Maryland House Increases State-Funded Abortion Access
The Maryland House of Delegates voted to increase the number of poor teenage women who qualify for state-funded abortions yesterday. The new law will offer health and insurance benefits to 60,000 more children and pregnant women whose earnings are moderate, but not low enough to qualify for Medicaid.
Although federal law prohibits the use of government dollars for abortions except in the case of rape, incest or to protect the mother’s life, Maryland law allows state-funded abortions to protect the mental health of the mother and in cases of possible genetic defects of the fetus. State officials estimate that the new law will provide state-funded abortions for 60 additional teenage women a year.
Betsy Cavendish, legal director for the National Abortion and Reproductive Rights Action League, said “By and large Maryland is one of the leading states in beating back anti-choice legislation.”
This year, the Maryland Senate voted against a ban on D&X abortions, citing interpretations of such a law that might prohibit all abortions. The Virginia General Assembly and 22 other states have passed D&X bans.
10/30/2014 Medication Abortion Access Threatened by Oklahoma Court Ruling - An Oklahoma state district court judge has refused to block a state law restricting medication abortion, clearing the way for the law to go into affect on November 1.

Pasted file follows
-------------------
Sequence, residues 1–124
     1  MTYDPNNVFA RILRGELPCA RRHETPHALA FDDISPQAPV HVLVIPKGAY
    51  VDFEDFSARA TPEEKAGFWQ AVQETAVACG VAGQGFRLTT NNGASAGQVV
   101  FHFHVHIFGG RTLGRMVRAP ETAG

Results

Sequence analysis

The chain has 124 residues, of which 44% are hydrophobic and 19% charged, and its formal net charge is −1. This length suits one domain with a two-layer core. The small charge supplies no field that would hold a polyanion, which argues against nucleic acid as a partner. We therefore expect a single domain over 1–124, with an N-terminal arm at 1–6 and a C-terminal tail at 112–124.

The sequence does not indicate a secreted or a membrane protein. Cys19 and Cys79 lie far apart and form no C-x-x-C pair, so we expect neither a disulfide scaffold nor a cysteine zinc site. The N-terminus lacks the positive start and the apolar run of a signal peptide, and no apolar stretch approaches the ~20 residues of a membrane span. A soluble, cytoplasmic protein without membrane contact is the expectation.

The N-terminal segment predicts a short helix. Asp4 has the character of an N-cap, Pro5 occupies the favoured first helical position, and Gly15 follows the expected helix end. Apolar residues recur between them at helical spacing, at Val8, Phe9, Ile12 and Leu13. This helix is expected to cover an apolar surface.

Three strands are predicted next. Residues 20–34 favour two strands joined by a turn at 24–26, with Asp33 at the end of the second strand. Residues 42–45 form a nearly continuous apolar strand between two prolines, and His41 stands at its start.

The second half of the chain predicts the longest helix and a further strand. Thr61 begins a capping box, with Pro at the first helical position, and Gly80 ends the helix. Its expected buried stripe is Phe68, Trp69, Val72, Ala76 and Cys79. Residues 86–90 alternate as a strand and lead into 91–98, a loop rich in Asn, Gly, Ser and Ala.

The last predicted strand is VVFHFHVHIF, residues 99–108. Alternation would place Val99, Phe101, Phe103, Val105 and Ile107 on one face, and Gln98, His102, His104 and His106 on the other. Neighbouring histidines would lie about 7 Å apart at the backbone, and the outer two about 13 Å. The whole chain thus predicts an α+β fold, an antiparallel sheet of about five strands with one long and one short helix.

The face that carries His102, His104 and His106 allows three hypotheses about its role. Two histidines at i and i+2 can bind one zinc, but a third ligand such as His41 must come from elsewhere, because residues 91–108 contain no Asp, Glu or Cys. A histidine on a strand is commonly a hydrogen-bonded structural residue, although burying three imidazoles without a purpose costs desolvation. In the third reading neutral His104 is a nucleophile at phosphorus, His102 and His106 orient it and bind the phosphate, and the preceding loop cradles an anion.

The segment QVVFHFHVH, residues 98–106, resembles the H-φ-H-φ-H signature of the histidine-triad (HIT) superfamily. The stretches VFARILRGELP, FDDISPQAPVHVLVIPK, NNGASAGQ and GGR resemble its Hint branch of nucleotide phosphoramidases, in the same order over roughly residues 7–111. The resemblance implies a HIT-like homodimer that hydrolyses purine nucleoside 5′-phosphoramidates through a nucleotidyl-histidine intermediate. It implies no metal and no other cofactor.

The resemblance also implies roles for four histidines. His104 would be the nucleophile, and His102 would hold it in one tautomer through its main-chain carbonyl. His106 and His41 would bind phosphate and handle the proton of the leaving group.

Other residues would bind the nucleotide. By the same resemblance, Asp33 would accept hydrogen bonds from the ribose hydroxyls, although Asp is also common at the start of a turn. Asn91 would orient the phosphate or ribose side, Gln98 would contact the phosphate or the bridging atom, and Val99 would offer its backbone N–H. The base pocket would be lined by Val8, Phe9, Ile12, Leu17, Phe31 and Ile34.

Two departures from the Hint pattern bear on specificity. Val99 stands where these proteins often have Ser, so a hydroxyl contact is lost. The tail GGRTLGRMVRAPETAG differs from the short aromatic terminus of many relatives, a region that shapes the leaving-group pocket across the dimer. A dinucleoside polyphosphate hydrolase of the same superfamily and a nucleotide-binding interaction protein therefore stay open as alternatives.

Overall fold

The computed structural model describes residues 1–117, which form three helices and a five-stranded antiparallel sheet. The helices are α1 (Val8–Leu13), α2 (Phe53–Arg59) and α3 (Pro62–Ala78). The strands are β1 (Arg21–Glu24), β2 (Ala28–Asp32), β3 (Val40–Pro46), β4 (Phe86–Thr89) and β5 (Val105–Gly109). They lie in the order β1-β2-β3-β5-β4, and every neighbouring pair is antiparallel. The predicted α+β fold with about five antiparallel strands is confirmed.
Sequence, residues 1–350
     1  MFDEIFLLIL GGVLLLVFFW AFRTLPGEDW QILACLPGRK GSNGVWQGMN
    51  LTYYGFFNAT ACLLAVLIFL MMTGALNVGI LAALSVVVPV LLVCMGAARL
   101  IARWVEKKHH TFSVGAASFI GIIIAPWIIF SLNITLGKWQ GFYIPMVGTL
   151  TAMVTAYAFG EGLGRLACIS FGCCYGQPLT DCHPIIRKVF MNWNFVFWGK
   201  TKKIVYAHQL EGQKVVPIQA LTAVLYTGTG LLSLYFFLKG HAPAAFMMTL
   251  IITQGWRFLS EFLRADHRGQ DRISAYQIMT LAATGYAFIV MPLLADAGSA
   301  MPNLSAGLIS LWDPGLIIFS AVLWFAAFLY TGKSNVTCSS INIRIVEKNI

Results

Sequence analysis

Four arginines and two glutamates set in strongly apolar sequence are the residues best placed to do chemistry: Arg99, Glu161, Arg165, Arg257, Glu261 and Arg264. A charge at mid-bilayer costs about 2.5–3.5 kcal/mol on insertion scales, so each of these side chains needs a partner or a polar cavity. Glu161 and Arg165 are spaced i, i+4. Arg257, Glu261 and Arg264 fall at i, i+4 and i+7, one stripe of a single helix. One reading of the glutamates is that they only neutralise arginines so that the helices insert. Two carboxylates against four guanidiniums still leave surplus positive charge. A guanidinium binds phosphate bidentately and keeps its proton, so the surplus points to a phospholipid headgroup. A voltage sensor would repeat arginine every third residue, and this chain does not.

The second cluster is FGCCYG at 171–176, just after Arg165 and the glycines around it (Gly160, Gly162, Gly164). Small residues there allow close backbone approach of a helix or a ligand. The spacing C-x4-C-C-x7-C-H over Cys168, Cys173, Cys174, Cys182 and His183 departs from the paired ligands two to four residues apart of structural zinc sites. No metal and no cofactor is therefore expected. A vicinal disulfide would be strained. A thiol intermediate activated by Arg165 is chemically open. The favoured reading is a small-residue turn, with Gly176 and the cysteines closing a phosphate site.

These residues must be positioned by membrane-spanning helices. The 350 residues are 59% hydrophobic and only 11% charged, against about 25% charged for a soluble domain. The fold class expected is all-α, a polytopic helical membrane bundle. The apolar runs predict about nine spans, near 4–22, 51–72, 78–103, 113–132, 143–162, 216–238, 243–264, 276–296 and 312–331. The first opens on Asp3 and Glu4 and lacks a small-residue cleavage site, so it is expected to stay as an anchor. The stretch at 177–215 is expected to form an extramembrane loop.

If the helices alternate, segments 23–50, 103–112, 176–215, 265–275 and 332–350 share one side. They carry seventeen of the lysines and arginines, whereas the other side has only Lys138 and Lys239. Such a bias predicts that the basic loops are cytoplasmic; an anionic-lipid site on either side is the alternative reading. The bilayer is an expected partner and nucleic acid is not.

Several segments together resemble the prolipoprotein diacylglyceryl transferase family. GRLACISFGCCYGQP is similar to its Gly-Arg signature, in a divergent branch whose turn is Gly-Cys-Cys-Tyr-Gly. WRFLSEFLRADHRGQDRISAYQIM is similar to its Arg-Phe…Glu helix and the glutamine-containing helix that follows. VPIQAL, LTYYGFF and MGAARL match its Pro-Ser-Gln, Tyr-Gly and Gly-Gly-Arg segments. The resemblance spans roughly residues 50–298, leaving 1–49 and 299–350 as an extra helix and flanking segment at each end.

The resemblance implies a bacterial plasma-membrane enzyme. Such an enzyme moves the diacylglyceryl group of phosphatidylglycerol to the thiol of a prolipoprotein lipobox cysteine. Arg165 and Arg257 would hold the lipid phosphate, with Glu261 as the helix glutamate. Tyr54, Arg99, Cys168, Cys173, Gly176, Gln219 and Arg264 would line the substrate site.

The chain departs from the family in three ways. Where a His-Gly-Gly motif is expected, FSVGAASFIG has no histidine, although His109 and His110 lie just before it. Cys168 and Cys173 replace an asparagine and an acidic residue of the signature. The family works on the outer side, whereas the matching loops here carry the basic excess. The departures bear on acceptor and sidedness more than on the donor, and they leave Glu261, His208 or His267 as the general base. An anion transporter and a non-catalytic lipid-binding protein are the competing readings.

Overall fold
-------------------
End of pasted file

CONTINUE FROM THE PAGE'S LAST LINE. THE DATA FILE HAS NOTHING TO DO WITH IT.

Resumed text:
The Oklahoma Coalition for Reproductive Justice, together with a local abortion clinic in Tulsa, challenged HB 2684 in September, arguing that the law was an unconstitutional restriction on non-surgical abortion in the earliest weeks of pregnancy. . . .
10/30/2014 UPS Switches Pregnant Worker Policy Ahead of Supreme Court Case - The United Parcel Service (UPS) is changing its policy on light duty assignments for pregnant workers, even though the company will stand by its refusal to extend accommodations to a former employee in an upcoming Supreme Court case.
UPS announced on Monday in a memo to employees, and in a brief filed with the US Supreme Court, that the company will begin offering temporary, light-duty positions to pregnant workers on January 1, 2015. . . .
10/30/2014 North Dakota Medical Students Speak Out Against Measure 1 - Medical students at the University of North Dakota School of Medicine and Health Sciences are asking North Dakotans to vote no on Measure 1, a personhood measure on the state ballot this fall.
The students issued published a letter in the Grand Forks Herald stating that they opposed Measure 1 in part because they are against "the government's taking control of the personal health care decisions of its citizens." Nearly 60 UND School of Medicine students signed the letter, citing concerns over the "very broad and ambiguous language" used in the proposed amendment, which has no regard for serious and life-threatening medical situations such as ectopic pregnancies.
Measure 1 would change the North Dakota state constitution to create an "inalienable right to life" for humans "at any stage of development" - including the moment of fertilization and conception. . . .